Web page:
A BRITISH surgeon who helped save the career of Andy Murray has stored thousands of body parts from patients over 25 years, a leaked report alleges.
Derek McMinn, who developed a hip-resurfacing technique used on the two-time Wimbledon champion, kept bones of at least 5,224 people he operated on, the Independent reports.
Some of the body parts stored for "research" purposes were from children, it has been alleged.
Dr McMinn kept allegedly the bones despite not having a license to do so or the proper consent from patients, an investigation found.
The grisly case has been referred to West Mercia Police by the Human Tissue Authority.
Some staff at Edgbaston Hospital in Birmingham allegedly helped McMinn store the bones in pots used to preserve them, according to a leaked report, seen by the Independent, for BMI Healthcare.
It has been reported that McMinn's patients - who paid as much as £13,000 for the private surgeries - were not made aware of his alleged actions even when BMI completed its internal review in October last year.
The storing of the bones dates back to the 1990s, the report alleges.
McMinn admitted to hospital chiefs last year that he had been keeping body parts at his seven-bedroom house in Worcestershire as well as his office in Birmingham, the report claims.
He claimed he did so with the full knowledge of his colleagues claiming he was collecting the bones for his retirement, it is alleged.
Hospital staff reportedly told investigators the body parts were intended to "keep his mind active."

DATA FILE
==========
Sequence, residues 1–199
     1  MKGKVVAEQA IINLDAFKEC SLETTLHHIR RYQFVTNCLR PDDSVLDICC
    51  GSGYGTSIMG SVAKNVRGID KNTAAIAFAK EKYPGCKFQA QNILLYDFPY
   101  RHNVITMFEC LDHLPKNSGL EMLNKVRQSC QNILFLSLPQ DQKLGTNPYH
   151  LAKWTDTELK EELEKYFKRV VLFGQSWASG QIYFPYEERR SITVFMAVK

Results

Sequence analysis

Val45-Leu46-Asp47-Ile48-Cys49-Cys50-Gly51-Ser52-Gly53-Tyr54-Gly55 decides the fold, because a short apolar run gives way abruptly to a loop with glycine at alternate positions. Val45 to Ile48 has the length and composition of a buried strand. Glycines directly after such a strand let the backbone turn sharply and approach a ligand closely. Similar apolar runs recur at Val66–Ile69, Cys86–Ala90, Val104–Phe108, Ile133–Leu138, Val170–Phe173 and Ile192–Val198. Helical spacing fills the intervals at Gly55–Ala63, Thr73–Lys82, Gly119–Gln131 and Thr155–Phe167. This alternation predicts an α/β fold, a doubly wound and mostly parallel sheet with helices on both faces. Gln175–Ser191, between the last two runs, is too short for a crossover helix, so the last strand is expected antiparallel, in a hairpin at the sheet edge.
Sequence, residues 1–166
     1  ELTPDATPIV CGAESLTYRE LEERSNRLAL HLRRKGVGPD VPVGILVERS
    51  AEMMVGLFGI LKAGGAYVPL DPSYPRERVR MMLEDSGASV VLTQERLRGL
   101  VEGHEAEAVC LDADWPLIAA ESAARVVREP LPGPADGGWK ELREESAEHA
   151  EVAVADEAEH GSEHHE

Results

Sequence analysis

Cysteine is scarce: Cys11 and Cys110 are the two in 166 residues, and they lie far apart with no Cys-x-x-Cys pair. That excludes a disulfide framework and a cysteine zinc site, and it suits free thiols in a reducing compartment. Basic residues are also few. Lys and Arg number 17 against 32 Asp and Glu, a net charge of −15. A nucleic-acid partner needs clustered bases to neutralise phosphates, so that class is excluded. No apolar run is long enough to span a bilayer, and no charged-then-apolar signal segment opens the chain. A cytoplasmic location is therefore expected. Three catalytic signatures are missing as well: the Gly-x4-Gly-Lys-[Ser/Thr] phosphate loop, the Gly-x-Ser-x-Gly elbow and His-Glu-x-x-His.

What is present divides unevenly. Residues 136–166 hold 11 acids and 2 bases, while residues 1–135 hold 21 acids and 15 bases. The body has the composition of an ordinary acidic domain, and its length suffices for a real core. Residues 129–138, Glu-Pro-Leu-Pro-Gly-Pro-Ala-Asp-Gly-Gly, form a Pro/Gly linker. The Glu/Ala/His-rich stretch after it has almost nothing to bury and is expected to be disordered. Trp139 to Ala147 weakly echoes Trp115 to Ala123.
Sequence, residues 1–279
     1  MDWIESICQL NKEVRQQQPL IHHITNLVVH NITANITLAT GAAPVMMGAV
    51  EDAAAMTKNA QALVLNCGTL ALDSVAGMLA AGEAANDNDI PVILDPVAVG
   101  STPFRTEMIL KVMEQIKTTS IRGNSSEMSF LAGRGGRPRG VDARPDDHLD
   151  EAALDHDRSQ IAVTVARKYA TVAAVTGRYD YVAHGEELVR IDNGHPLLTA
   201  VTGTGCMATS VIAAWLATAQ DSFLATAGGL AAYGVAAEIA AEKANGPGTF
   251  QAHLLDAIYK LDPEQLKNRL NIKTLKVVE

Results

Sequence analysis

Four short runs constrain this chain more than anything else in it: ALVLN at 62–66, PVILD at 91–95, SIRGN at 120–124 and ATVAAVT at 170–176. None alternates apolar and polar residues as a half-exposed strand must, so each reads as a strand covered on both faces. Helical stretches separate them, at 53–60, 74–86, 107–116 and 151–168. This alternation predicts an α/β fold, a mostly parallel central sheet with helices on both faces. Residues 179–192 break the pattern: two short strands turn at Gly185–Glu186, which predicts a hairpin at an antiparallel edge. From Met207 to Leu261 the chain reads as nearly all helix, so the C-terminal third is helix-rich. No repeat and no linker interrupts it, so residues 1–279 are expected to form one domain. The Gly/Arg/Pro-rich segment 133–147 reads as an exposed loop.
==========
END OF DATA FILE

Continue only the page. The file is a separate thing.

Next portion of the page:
Police confirmed they are probing an alleged breach of the Human Tissue Act.
The hip procedure McMinn developed involves removing the surface of the ball joint on the hip and replacing it with a metal sphere.
Before this groundbreaking surgery, the whole joint and part of the thigh bone had to be replaced.
And it is bones from these hip joints that the doctor has allegedly collected since the 1990s without his patients' consent.
He also hoarded thousands of patent records and X-rays in a collection described as being similar to a "police database", the investigation alleges.
Part of McMinn's alleged collection was first discovered in March, 2019, during a routine pathology audit at Edgbaston Hospital.
The BMI report found no evidence that the doctor had any approval for research or that any research had been carried out.
He is said to have been warned that "in future" bones needed to be removed from the hospital on the day of surgery.
And it wasn't until August that the hip surgeon was asked to justify why he had allegedly collected the human body parts by watchdog the Care Quality Commission.
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McMinn responded by email claiming "the samples were to be used for research, that he had been collecting tissue for 25 years, that he obtained verbal consent and that he had several thousand labelled samples in formalin pots with the corresponding notes, X-rays and investigations”.
Later that month, he was suspended by BMI who confirmed the General Medical Council (GMC) and Human Tissue Authority - although there are no GMC restrictions on his license to practice, the Independent reports.
One of the doctor's staff said he had allegedly collected 5,224 bones although the report was unable to verify the exact number.